Jelena Knežević, Director, LeitnerLeitner

We Are a Trusted Advisor

The key to gaining a competitive edge in business is competence, reliability and speed – principles that LeitnerLeitner has been putting into practise for more than 60 years

Our consistently high-quality standards have also helped us achieve success and constantly increase our locations in CEE and SEE. As one of the most influential tax consulting and auditing companies in Central and Eastern Europe, LeitnerLeitner is being increasingly recognised in Serbia due to its professionalism and the high quality of services provided to clients.

Leitner logo“We recognised the significance of CEE countries early on and can therefore offer our clients the best course of action. Tax optimisation, tax planning and successful business strategies that are tailored to each client’s needs – that’s what we aim to achieve for our clients by offering comprehensive advice,” says LeitnerLeitner Director Jelena Knežević.


The Serbian Government determined Law on Amendments to the Law on Value Added Tax on 16th September 2019, which was adopted at the 7th October 2019 session of the National Assembly of the Republic of Serbia – with the adopted Law then published in the Official Gazette of Republic of Serbia, issue No. 72, on 7th October 2019. The majority of suggested amendments will be applicable as of 1st January 2020. One of the major amendments will be regulation of the VAT treatment of vouchers in Serbia. This topic has been a burning issue in the EU recently, where the VAT Directive 2006/112/EZ was amended in the part relating to the VAT treatment of vouchers. EU member states had a deadline of year’s end 2018 to harmonise their local legislation to address the amendments to the VAT Directive.

The Draft Law determines the VAT treatment of the supply of goods and services rendered through the transfer of vouchers, which can be single purpose and multi-purpose vouchers. As a first step, it is necessary to know the definition of the voucher and to differentiate between these two types of vouchers.

In terms of VAT Law, a voucher is an instrument that must be accepted as a consideration, or part of a consideration, for supplied goods or services, provided the goods/services supplied and the identity of the supplier of goods/services are indicated, either on the voucher itself or in related documentation.

On its road to the European Union, Serbia is also amending its VAT legislation in accordance with the VAT Directive, including the VAT treatment of vouchers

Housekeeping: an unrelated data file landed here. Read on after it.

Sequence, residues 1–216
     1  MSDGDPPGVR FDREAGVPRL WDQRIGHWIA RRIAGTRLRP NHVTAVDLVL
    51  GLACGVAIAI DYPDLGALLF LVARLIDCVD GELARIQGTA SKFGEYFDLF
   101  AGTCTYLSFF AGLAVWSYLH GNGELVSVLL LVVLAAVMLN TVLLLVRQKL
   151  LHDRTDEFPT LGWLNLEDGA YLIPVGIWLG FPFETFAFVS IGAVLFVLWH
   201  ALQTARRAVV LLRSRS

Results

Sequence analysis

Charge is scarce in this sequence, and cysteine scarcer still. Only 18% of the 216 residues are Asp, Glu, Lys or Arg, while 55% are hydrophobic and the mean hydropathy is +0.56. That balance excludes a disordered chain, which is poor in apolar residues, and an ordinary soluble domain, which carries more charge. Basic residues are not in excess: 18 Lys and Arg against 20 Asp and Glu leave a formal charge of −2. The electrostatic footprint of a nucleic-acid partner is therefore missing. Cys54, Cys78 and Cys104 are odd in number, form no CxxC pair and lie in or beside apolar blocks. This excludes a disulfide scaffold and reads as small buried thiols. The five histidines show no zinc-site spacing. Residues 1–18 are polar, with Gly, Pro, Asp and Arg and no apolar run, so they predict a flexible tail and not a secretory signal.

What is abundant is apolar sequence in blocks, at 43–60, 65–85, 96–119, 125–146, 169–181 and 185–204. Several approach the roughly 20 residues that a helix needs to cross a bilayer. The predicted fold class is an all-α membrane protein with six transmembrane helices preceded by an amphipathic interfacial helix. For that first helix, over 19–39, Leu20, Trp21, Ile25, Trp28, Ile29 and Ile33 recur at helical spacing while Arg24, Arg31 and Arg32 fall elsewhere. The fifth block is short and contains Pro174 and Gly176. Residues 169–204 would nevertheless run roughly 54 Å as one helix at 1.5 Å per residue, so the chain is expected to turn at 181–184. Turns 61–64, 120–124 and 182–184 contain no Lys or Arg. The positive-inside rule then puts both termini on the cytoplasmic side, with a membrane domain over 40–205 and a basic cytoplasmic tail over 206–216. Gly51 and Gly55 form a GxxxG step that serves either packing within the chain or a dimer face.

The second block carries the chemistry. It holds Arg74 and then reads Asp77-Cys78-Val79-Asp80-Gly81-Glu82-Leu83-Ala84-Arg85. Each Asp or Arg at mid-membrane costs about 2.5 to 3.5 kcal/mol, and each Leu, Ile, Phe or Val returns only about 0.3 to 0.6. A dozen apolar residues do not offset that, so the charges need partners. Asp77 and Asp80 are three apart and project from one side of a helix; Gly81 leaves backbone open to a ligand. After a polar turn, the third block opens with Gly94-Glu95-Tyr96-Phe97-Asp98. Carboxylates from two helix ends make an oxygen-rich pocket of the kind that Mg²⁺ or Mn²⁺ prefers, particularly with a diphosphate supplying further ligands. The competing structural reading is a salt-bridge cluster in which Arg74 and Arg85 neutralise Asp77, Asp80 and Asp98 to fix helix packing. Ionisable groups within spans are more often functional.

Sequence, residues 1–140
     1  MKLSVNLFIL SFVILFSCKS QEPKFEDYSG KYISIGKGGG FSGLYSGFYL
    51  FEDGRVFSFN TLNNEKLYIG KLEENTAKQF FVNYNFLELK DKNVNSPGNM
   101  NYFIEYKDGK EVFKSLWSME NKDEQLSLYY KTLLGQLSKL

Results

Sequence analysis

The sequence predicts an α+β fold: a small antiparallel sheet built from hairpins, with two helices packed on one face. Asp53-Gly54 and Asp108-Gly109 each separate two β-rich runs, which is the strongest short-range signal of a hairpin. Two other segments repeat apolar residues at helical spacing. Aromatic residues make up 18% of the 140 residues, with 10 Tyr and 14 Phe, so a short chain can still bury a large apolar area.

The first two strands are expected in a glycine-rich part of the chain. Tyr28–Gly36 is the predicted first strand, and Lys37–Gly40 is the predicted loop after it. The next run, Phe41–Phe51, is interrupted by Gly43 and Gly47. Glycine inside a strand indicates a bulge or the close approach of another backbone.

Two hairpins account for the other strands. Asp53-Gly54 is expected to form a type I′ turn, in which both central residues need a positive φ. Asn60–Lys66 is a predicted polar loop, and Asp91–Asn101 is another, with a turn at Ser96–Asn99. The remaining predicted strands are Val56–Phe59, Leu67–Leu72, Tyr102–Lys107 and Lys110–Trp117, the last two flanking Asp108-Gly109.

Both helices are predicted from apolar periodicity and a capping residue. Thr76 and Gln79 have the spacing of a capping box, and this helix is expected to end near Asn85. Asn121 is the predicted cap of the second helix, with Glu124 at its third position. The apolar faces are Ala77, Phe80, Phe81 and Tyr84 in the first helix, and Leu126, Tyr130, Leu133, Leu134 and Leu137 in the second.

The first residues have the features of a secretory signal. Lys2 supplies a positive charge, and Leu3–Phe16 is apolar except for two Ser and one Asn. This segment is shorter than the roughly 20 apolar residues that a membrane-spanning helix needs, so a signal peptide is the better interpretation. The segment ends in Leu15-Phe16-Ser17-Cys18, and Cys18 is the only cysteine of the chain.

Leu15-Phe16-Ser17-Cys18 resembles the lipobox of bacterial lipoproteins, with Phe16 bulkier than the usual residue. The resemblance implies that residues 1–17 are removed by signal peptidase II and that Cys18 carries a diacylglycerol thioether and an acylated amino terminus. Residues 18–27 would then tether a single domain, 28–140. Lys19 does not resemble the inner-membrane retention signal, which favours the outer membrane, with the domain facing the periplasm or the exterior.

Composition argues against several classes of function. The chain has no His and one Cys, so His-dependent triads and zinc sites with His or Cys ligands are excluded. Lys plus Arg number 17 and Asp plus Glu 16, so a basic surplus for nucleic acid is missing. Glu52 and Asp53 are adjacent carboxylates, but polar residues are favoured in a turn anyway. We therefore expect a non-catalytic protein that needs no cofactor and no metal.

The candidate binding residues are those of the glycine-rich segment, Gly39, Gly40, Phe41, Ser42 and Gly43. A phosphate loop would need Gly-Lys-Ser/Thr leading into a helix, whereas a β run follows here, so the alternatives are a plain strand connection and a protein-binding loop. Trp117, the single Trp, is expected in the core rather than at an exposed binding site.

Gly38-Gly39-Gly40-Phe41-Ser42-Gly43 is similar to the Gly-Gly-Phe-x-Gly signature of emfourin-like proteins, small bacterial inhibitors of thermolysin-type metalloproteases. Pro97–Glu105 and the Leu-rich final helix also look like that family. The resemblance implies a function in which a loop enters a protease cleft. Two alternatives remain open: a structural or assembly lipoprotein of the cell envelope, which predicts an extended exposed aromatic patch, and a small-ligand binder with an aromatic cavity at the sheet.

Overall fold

A single purpose voucher is considered to be a voucher for which the point of supply of goods/services and the VAT due for such supply are known in the moment of the issuance of a voucher, while a multi-purpose voucher is a voucher for which the point of supply is not known at the moment of issuance. Vouchers can be issued, in electronic form or hard copy, as an instrument that entitles the holder to the right to use a price coupon discount, which does not include the right to purchase goods or services, transport tickets, admission tickets, postage stamps or similar items not considered to represent a value voucher.

VAT treatment of single purpose vouchers – each single transfer of single purpose voucher by a taxpayer in its own name – is considered as a supply of goods/services. If the transfer of a voucher is done by a taxpayer on behalf of another taxpayer, it is considered that the actual supplier of the applicable goods/services effected supply of the goods/services to that taxpayer who issued voucher. So, for a single purpose voucher, the moment when a tax obligation arises is the moment of the voucher’s issuance.

The VAT treatment of multi-purpose vouchers – the actual supply of goods/services for a multi-purpose voucher accepted by the supplier of goods/services as consideration for such supply – is subject to VAT, while each previous supply of a multi-purpose voucher is not subject to VAT. It is crucial that, for a multi-purpose voucher, how they will be used it is not known at the moment of issuance. A typical example is the use of vouchers issued by a shopping centre, which can be used at various shops within the centre. As such, given that the elements for the calculation of VAT are unknown at the moment of issuance, VAT is not calculated at the moment of issuance, rather at the moment when actual goods/services are supplied on the basis of the voucher.

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